KTM stands for: Kronreif & Trunkenpolz Mattighofen
Here is a short history lesson of KTM.

  • 1934 Austrian engineer Hans Trunkenpolz opens a metal-working shop in Mattighofen, Austria. The name of the business is Kraftfahrzeuge Trunkenpolz Mattighofen 
  • 1951 The company’s first motorcycle is developed – the R100.
  • 1953 The company becomes officially known as ‘Kronreif, Trunkenpolz, Mattighofen’ (KTM). A team of 20 employees is producing three motorcycles per day.
  • 1954 The 100th KTM motorcycle is delivered.
  • 1955 A businessman, Ernst Kronreif becomes a sizeable shareholder of the company, which is renamed Kronreif & Trunkenpolz Mattighofen.

     KTM Tourist (125cc) model is developed.

  • 1957 KTM builds first sports motorcycle – the Trophy 125cc. 
  • 1959 Motorcycle production ceases. First KTM Pony scooter and moped are introduced.
  • 1963 The Comet moped is introduced.
  • 1966 The 10,000th Comet rolls off the line.
  • 1968 The cross-country Penton Six Days dirt bike is produced and exported to the United States.
  • 1970 KTM begins producing its own engines. (Previously, many of the dirt bikes had been equipped with Sachs motors.) New 250cc motocross bike is developed.
  • 1973 KTM begins production of the 250 Cross and Enduro bike.
  • 1974 Production of the KTM Hobby III begins.
  • 1975 KTM introduces the road model Comet Grand Prix 125 RS.
  • 1976 KTM produces its own 125cc engine.
  • 1978 KTM America Inc. established in Lorain, Ohio. 50cc product range extended.
  • 1981 Production of first water-cooled 125cc motocross bikes.
  • 1982 Motocross models outfitted with new Pro Lever rear suspension. Company develops its first 4-stroke engine with water cooling.
  • 1986 KTM becomes the first manufacturer to offer front and rear disc brakes on an off-road machine.
  • 1987 Production begins on the KTM 4-stroke engine – single cylinder, 560cc, overhead camshaft.
  • 1988 KTM stops production of scooters.
  • 1989 Hans Trunkenpolz, founder, dies.
  • 1991 KTM files for bankruptcy. The company is split into four independent arms – radiators, motorcycles, bicycles and tooling.
  • 1992 Newly formed motorcycle division opens – KTM Sportsmotorcycle GmbH.
  • 1994 KTM Sportsmotorcycle GmbH renamed KTM-Sportsmotorcycle AG. Production of Duke series of road models begins.
  • 1995 Company acquires Husaberg AB and takes over White Power Suspension (NL).
  • 1996 Production begins for KTM LC4 engine with electric starter.
  • 1997 LC4 Supermoto road model is introduced. Also, KTM’s first adventure bike – the LC4 Adventure – is introduced.
  • 1998 PDS Linkless suspension system is developed for 2-stroke models. Also, new 125 and 200cc engines and new Z design are introduced.
  • 1999 Production begins on new 4-stroke engine – RACING 400/520. Also, the first KTM engines with separate lubrication (125 and 200cc) are introduced.
  • 2001 Fabrizio Meoni wins the Dakar rally on an LC4 660R. KTM completely dominates the motorcycle class for the future of the event, which runs for the last time in 2007.
  • 2003 Company introduces 950 Adventure and presents 990 Duke.

    Backed by Red Bull, the company enters the 125cc World Championship. After a couple of challenging years developing the machine, Mika Kallio will finish second overall in ’05 & ’06.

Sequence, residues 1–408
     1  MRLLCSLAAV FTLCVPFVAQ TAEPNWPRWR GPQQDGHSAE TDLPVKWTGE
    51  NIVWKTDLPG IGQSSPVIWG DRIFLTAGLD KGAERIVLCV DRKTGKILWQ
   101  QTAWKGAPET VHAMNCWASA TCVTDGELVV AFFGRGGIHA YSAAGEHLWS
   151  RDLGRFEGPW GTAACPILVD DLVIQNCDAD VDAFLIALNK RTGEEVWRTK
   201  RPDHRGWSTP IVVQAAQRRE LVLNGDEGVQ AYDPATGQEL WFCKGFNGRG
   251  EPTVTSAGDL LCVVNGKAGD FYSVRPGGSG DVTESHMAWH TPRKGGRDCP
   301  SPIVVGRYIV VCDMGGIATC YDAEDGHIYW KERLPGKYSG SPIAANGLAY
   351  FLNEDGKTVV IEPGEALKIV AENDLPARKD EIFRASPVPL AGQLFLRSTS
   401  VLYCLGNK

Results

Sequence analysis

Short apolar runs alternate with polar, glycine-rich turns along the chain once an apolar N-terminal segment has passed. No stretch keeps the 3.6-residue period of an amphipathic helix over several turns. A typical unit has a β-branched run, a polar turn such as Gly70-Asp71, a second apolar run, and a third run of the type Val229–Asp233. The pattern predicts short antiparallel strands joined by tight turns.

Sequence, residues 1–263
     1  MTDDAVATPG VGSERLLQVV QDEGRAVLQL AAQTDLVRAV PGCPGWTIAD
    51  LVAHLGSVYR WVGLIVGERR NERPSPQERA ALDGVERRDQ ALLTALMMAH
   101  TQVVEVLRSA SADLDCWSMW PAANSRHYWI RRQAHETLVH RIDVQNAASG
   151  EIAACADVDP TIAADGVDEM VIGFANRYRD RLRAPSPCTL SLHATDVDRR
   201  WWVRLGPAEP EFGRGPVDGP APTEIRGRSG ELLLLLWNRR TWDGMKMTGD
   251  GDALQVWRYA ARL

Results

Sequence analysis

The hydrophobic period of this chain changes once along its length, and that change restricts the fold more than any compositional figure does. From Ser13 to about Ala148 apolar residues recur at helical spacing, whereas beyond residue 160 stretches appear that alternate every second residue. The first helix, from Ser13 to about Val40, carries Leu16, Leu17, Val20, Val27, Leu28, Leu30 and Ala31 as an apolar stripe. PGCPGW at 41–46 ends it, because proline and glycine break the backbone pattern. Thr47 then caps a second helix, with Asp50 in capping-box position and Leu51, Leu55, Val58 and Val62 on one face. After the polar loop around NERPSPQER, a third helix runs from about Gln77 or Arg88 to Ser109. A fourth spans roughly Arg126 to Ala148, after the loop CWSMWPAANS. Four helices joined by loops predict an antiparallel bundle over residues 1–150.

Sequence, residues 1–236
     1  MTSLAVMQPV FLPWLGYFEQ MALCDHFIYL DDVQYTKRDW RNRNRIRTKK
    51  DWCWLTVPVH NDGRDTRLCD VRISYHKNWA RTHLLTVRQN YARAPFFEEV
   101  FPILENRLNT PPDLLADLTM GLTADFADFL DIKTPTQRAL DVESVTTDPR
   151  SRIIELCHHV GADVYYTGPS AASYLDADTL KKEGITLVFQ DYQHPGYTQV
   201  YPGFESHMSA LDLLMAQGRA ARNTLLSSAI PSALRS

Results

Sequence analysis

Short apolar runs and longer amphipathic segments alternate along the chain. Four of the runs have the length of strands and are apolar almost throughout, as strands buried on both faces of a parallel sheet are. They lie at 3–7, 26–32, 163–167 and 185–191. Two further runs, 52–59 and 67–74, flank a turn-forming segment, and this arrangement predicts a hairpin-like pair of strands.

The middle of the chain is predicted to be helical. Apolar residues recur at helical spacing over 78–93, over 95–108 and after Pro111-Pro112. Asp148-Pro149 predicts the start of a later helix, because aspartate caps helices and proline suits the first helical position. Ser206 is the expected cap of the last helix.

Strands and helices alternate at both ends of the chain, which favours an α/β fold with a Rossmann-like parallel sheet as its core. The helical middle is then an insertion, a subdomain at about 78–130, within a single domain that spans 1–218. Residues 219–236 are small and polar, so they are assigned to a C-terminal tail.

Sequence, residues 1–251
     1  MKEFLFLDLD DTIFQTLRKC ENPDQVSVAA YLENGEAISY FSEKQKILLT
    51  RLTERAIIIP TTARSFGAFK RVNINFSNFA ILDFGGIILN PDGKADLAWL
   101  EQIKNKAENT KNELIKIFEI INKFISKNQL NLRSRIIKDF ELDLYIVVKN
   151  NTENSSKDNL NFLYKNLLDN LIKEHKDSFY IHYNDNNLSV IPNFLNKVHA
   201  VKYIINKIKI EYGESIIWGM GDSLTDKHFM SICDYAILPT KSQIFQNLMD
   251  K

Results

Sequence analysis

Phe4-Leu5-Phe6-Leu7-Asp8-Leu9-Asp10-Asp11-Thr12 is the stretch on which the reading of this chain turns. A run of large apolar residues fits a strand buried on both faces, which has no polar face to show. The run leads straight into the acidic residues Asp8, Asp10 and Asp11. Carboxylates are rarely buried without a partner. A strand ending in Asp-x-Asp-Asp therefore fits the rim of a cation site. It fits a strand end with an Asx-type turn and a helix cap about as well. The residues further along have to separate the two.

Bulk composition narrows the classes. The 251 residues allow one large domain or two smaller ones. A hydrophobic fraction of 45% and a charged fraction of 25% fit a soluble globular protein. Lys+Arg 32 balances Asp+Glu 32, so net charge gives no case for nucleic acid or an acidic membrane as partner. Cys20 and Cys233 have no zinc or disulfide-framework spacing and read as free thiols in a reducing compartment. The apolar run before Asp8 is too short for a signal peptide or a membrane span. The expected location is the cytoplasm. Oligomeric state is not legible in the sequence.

• 2004 KTM launches the 990 Super Duke and introduces the 990 RC8 Venom and the 950 Supermoto at the Intermot in Munich.

    After earlier agreeing in principle to supply motorcycles to two out-of-work actors, so they can make a documentary about a trip across Eurasia and North America, KTM abruptly drops the project. Ewan McGregor and Charlie Boorman get BMWs instead, and make “The Long Way Round.”

  • 2005 KTM launches the 950 Supermoto and introduces the 990 Adventure and the 950 Super Enduro R.

    The company announces a strategic partnership with Polaris, with the goal of shared R&D, and more importantly shared distribution networks. The plan is to try this relationship out for two years and, if it proves fruitful, to merge the two companies.

  • 2006 The partnership with Polaris is dramatically downgraded. KTM announces that from now on, the company will simply supply Polaris with a few motors for ATVs.
  • 2007 The company supplies all the 125cc motorcycles for the Red Bull Rookies Cup.

    An experiment if there ever was one, KTM builds the ultimate go-kart in the X-Bow.

  • 2009 Wanting to get its feet wet in road racing, KTM enters a factory-backed team fielding RC8s in the IDM (German) championship. At the end of the year, factory rider Stefen Nebel ties for the championship
The above info was copied from: http://www.motorcycle.com/manufacturer/history-ktm-motorcycle.html

When I first test rode a KTM, it scared the crap out of me. The gearing was really tall, and I thought that it was just too fast for my liking. A few years later I became aware of gear changing. Fast Forward to now, and I'm riding a 2012 KTM 500 EXC. I wanted a bike that had a "easy button" (a.k.a electric start), a kick-start, a 6-speed transmission and plated for the street. The KTM 500 EXC fit the bill. This bike allows me to hit the single track, and yet cruise down the highway with no issues. It realy is a do it all bike. Some may argue that it's not comfortable enough, and I would agree, it isn't comfortable as a asphalt pounder, but it can do it. Some may say that it's a little too heavy for single track, and again, I might agree, but it can do it. Having the kick-start is quite a nice addition to any dual-sport bike that is going to be out in the sticks for a while.....as a "Just in case" backup.

Being the Gear-head that I am, I just can't leave well enough alone. So, I started adding equipment and making modifications to the bike. This page and any subpages will show what I've done to make the bike more suited to my liking.


Subpages (2): Gas_Tank GPS_Mount